Re: [OT] multilingual support in MS products (was Re: Kurdish ghayn)

Date: Mon Apr 28 2003 - 08:59:24 EDT

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    Thomas Milo wrote on 04/27/2003 04:49:26 AM:

    > Would it be possible to make the IJ/ij available at last as a single
    > character IJ/ij for Dutch users?

    If I understand the facts correctly, is this not just a digraph, comparable
    to "ch" in various languages, the only difference being that Unicode
    doesn't have a "ch" character but did include "ij" -- for backward
    compatibility purposes? In other words, ideally "ij" wouldn't have been
    included, but now that we've got it, Dutch "ij" has two alternate
    representations, < i, j > or < U+0133 >.

    Tom, I think what you should be asking Chris Pratley to do is to make the
    spelling checker for Office recognise either spelling; the best way to do
    that is probably to apply a compatibility normalisation to Dutch text.#

    As for input methods, Michael Kaplan has already pointed out that they
    can't really change what has already shipped (and that that is not an
    Office issue). There are ways to create your own input method, though: you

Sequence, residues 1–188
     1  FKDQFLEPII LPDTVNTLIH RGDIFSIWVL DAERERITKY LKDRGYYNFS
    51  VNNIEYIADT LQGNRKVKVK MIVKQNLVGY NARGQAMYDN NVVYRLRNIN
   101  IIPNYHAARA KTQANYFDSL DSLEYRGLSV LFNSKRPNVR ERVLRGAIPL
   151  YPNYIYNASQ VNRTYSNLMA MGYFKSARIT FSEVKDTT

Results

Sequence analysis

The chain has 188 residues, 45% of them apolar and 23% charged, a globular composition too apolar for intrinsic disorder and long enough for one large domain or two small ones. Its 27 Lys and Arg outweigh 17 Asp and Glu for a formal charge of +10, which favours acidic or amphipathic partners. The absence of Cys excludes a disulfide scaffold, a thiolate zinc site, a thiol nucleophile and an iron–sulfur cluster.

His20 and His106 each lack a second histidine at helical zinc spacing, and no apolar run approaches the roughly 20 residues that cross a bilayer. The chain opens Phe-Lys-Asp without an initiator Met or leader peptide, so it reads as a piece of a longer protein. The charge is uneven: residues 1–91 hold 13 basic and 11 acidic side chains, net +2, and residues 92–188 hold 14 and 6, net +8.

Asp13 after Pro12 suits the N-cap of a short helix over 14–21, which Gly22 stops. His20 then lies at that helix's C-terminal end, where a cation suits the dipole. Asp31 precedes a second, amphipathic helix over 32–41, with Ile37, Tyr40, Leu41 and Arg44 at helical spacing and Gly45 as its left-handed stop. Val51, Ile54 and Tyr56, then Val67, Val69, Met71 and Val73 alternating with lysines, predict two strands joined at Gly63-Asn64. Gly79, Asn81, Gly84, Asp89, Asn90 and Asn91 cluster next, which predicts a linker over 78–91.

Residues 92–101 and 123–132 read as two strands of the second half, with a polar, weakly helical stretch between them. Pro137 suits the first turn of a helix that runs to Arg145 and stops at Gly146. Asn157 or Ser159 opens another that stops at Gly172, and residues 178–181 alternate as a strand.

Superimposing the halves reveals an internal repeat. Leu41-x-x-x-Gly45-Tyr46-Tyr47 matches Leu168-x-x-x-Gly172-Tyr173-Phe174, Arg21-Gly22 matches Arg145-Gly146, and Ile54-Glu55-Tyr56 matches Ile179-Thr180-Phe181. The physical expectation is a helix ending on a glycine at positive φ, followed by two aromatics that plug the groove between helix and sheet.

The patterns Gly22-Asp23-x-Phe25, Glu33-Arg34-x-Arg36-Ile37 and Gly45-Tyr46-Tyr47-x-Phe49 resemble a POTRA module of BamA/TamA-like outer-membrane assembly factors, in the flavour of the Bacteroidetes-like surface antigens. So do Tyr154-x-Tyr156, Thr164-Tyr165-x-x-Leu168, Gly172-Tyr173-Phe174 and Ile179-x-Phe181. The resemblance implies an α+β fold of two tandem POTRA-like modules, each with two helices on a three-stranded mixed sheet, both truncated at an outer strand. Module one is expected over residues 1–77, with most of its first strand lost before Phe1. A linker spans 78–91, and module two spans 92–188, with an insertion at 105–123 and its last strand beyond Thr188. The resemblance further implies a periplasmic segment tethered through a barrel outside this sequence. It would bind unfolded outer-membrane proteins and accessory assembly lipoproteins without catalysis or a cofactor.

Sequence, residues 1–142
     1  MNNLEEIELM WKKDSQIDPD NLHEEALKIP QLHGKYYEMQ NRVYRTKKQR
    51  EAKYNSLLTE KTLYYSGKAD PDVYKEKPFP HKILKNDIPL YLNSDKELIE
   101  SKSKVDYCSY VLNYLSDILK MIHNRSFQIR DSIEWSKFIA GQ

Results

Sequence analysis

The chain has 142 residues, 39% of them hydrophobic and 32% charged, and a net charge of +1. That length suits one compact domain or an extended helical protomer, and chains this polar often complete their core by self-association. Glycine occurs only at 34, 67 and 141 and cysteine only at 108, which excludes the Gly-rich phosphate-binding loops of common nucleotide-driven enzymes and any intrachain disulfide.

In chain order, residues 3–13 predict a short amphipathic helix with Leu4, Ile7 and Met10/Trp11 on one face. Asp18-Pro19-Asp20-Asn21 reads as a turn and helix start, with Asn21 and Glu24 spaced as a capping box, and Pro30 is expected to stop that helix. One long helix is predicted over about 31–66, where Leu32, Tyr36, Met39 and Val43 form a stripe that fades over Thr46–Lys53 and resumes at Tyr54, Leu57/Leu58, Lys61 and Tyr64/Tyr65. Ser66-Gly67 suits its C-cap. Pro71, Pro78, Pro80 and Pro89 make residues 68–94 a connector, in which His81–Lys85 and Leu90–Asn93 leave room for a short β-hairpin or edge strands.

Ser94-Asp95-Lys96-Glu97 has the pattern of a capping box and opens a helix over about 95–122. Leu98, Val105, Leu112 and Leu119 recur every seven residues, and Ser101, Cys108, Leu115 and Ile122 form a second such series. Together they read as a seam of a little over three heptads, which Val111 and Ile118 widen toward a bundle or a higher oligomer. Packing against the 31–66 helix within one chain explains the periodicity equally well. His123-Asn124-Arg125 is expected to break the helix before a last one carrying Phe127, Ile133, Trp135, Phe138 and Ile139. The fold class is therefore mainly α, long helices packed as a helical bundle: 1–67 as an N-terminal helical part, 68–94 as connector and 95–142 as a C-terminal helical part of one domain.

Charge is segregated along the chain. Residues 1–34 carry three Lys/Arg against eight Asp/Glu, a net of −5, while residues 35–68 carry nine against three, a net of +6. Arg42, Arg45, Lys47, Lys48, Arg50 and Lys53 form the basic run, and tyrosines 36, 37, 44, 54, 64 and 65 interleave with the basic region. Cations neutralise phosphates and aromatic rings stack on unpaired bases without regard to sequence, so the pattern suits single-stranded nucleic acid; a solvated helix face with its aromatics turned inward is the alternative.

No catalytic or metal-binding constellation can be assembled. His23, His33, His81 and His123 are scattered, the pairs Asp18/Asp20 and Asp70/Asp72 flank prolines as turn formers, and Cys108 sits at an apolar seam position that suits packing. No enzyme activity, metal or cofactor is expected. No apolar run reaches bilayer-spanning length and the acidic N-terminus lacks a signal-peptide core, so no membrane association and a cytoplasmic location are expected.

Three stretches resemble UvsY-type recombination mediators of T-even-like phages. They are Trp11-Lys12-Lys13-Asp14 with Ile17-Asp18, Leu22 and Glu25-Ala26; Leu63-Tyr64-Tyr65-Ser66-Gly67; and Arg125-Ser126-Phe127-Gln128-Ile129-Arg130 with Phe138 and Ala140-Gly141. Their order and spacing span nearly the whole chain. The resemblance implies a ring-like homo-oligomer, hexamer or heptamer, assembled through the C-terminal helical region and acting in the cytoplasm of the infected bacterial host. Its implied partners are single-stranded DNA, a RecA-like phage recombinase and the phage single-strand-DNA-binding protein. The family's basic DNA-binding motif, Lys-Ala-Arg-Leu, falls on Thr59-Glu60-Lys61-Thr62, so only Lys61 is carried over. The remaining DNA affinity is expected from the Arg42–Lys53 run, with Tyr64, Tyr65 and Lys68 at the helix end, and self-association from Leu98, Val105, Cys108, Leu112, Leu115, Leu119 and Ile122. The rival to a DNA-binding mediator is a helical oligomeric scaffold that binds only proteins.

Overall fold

can use Tavultesoft Keyman now to create your own input method, or soon (I
    presume) Microsoft will be making a tool available.

    #This brings up a general issue worth mentioning: we are familiar with the
    concept of canonical equivalence for Latin precomposed / decomposed
    representations, and the use of Unicode normalisation forms C and D to deal
    with these equivalences. In contrasts, characters with compatibility
    decompositions are quite a sorted lot, and there's no simple, general rule
    to say when compatibility decompositions should or shouldn't be used.

    But, there is one class of Latin characters with compatibility
    decompositions that probably should generally be handled as though they
    were canonically equivent to their decomposed counterparts: digraphs. For
    whatever reason, digraphs as a rule were given *compatibility* rather than
    *canonical* decomposition mappings. But unless I'm missing something, it
    seems to me that for most practical purposes, representations using the
    digraph characters ij, lj, dž etc. should be treated by applications as
    equivalent with their decomposed counterparts.

    - Peter

    Peter Constable

    Non-Roman Script Initiative, SIL International
    7500 W. Camp Wisdom Rd., Dallas, TX 75236, USA
    Tel: +1 972 708 7485

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